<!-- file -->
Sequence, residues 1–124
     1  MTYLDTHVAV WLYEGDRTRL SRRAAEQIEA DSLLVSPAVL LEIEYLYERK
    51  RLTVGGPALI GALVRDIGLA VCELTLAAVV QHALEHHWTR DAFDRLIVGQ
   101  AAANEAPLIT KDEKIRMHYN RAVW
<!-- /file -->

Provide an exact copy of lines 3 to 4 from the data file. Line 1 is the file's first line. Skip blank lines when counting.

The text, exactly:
    51  RLTVGGPALI GALVRDIGLA VCELTLAAVV QHALEHHWTR DAFDRLIVGQ
   101  AAANEAPLIT KDEKIRMHYN RAVW